The United States Department of Labor recently filed a lawsuit against Tyson Fresh Meats (“Tyson”) charging Tyson with systemic discrimination against women in its hiring practices at its Joslin plant in Illinois. The complaint seeks to terminate all of the federal government’s contracts with Tyson until the company remedies the alleged discriminatory hiring practices. Tyson Fresh Meats, a subsidiary of poultry giant Tyson Foods, Inc, is the world’s largest supplier of premium beef and pork.
The DOL’s complaint alleges that Tyson engaged in systemic discrimination in its hiring process by unlawfully rejecting 750 qualified female applicants seeking entry level positions. The complaint demands that Tyson employ over 100 of the rejected female applicants and seeks back wages for the affected female applicants.
In addition to Title VII of the Civil Rights Act of 1964, Tyson, as a federal government contractor, is also subject to an Executive Order which prohibits federal contractors from discriminatory hiring practices. Not only is the federal government seeking to terminate all of its contracts with Tyson, it is also seeking to bar them from receiving federal government contracts in the future. The DOL has stated that “taxpayer dollars must never be used to discriminate.”
Tyson representatives have responded that “there were legitimate, nondiscriminatory reasons certain applicants were not hired.” Tyson has stated that “this is really about documentation not discrimination” and based on an “audit of job application forms.” Tyson claims that nobody seeking a job at its facilities has filed a complaint. Although the federal government charges that Tyson’s discriminatory hiring date back to 2003 to the present, Tyson claims that it had procedures in place and retained documents supporting its non-discriminatory hiring decisions. Tyson claims that for the time period in question, 28% of its work force was compromised of females and 66% were minorities.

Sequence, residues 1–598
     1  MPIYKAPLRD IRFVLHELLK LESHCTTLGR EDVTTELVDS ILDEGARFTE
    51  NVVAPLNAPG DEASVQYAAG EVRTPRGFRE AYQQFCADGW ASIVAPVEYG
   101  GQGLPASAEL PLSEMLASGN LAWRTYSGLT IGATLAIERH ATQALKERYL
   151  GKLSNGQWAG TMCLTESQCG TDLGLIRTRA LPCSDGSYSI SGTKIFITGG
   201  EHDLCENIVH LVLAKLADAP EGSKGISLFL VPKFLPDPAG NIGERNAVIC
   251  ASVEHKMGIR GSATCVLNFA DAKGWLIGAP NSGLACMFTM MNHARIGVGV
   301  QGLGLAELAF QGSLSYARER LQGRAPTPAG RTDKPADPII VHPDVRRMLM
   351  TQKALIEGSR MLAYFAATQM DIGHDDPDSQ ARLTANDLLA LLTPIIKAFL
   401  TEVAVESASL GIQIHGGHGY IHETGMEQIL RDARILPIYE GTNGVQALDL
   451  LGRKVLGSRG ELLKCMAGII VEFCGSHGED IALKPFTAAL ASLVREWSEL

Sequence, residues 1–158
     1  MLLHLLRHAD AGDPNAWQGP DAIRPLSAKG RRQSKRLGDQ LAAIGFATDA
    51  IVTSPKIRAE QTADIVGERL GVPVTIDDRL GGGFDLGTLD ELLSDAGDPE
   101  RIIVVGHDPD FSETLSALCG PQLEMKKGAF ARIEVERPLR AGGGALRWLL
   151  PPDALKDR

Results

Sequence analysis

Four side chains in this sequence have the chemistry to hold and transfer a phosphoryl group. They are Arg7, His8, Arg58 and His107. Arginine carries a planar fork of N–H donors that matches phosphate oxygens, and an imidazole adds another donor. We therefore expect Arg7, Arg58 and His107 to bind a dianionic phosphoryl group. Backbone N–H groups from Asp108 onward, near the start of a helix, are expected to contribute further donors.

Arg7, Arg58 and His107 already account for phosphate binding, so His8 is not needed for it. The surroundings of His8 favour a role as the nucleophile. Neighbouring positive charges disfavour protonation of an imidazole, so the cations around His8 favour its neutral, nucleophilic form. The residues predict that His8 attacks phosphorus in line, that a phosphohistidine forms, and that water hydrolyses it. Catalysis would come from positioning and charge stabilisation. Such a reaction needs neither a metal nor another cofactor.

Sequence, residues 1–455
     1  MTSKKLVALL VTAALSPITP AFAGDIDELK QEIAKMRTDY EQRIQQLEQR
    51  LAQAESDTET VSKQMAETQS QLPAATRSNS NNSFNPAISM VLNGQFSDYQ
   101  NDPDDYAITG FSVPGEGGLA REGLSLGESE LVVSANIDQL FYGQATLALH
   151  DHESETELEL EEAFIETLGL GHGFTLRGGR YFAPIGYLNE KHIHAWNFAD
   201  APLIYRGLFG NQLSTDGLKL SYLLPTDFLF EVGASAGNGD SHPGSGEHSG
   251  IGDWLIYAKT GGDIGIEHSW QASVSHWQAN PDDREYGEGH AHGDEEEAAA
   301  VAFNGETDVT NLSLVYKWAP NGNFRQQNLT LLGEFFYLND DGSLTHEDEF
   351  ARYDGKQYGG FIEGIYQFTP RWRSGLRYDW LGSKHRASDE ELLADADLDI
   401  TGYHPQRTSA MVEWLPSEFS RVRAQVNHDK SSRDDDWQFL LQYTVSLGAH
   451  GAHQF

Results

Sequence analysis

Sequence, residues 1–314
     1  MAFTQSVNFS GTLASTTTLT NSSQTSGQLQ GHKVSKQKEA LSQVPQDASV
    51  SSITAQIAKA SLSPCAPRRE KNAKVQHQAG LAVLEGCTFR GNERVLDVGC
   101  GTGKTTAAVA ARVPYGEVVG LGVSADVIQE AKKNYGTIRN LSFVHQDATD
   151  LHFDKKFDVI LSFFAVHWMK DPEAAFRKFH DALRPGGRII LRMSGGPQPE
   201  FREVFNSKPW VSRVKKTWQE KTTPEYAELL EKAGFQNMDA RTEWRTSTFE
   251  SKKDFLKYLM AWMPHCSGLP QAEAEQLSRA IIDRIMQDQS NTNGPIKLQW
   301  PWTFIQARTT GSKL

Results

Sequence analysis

This is an excellent cautionary reminder that employers, who are federal government contractors, must not engage in discriminatory practices and also must maintain proper documentation regarding its hiring practices. Here, it is possible that Tyson did not engage in any unlawful discrimination but it may not have the documentation to defend its practices. The government’s complaint was not based on any complaints filed by rejected applicants. It was based on an audit by the Labor Department’s Office of Federal Contract Compliance Programs (OFCCP). Clearly it is wise to have procedures supporting your decision-making than to be exposed to a court order and financial liability. The experienced Employment Attorneys at Villanueva and Sanchala have helped many companies implement procedures to protect against claims of not only gender discrimination and sexual harassment but also age, race, national origin, disability, religion, and sex discrimination. E-mail or call us now at (800) 893-9645 for a free initial telephone consultation.
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